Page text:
September 21, 2010

Tuesday Tip

The Magic Button….


Like many photographers, I spent many years in search of the “magic” button on my camera that would help me get perfectly composed and exposed pictures every time. I would gaze longingly at the work of my favorite professional photographers and wonder what camera, lens, camera button, setting, or Photoshop action they used to achieve their photographic masterpieces. There must be some simple shortcut that they use, right?


Well you are in luck!! For today’s Tuesday Tip, I am going to share with you my findings (free of charge)……


Drumroll please....


Here it is: There is no magic button. That’s it. Oh, and there is no magic Photoshop action either.


Based upon the few opportunities that I have had to associate with some great photographers, I have discovered that perfect pictures can only consistently be achieved by (1) understanding and seeking out good lighting, (2) understanding and using your camera’s manual settings, (3) understanding the elements of and adjusting for proper exposure. No amount of post-processing, no Photoshop action, and no degree of an “eye” for photography can compensate for these three essential elements of good photography. One of my mentors, Jon Williams, often said “junk in – junk out.” If the image you put into your camera is no good, then there is no way you are going to salvage that picture by Photoshopping it to death.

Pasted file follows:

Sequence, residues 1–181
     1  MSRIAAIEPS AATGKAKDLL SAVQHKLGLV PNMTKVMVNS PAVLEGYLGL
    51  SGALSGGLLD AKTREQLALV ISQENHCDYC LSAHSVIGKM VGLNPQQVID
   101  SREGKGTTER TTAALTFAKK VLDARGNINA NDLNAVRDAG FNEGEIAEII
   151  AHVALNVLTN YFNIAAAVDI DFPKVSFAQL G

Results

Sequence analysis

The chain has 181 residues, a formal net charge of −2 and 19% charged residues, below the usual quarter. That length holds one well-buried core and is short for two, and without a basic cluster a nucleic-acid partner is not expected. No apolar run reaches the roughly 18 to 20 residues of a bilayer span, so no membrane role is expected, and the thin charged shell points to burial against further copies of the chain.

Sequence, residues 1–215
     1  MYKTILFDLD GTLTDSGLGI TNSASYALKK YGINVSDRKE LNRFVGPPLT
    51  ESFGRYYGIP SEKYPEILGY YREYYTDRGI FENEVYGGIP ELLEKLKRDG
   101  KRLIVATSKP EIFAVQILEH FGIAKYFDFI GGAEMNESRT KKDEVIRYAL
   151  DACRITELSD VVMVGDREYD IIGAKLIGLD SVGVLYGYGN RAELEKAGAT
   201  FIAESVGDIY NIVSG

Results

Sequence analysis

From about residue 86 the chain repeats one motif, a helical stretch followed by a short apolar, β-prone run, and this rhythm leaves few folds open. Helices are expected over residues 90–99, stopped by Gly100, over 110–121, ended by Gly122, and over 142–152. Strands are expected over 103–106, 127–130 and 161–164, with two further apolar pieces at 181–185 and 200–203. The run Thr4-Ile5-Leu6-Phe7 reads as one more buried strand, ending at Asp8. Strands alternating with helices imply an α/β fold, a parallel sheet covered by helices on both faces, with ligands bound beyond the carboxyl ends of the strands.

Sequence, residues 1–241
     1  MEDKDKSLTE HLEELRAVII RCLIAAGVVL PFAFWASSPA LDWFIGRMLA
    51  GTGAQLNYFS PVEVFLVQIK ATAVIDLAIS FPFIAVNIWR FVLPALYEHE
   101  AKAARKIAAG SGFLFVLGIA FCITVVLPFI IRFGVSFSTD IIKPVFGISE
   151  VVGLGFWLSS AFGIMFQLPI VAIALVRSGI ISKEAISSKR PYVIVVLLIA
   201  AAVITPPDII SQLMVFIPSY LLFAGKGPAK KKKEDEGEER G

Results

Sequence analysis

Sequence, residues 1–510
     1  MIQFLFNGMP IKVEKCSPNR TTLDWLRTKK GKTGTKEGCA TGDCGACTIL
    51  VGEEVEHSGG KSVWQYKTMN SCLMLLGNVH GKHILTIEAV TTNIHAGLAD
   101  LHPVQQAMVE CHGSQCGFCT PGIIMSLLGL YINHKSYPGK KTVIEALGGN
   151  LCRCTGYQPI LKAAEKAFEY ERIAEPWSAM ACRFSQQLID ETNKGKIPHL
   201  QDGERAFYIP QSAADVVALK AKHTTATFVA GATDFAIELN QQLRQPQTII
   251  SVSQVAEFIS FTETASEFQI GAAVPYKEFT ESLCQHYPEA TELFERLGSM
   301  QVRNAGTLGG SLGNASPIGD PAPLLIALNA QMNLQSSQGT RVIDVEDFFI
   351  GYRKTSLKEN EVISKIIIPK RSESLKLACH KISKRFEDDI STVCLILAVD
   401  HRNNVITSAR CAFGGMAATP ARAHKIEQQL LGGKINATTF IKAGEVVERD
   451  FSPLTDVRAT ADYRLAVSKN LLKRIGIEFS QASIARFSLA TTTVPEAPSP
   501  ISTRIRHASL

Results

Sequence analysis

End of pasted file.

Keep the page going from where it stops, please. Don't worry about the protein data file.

As a photographer, I am obviously still seeking to master the three elements listed above. Making this discovery; however, was a liberating experience. I have not yet arrived, but acknowledging that the above three elements are the path to good photography has finally freed me to at least commence my journey to where I want to be as a photographer.


To be a great photographer (or even a good photographer), you need to consistently incorporate these elements into your photography. Here are some ideas on how to begin:


(1) Read your owner’s manual to understand your camera’s manual options (even most point and shoots have some manual settings)


(2) Practice using your manual settings in as many different settings as you can.


(3) Take a class, workshop, or check out photography books from your local library. (I teach a class and I also highly recommend the local classes taught by Jon Williams).

2 comments:

rychelle said...

i just wanted to let you know i really appreciate you taking the time to do these posts.

Brittney Hale Photography said...

Amen sista!! wish it was as simple as a magic button. you are the best!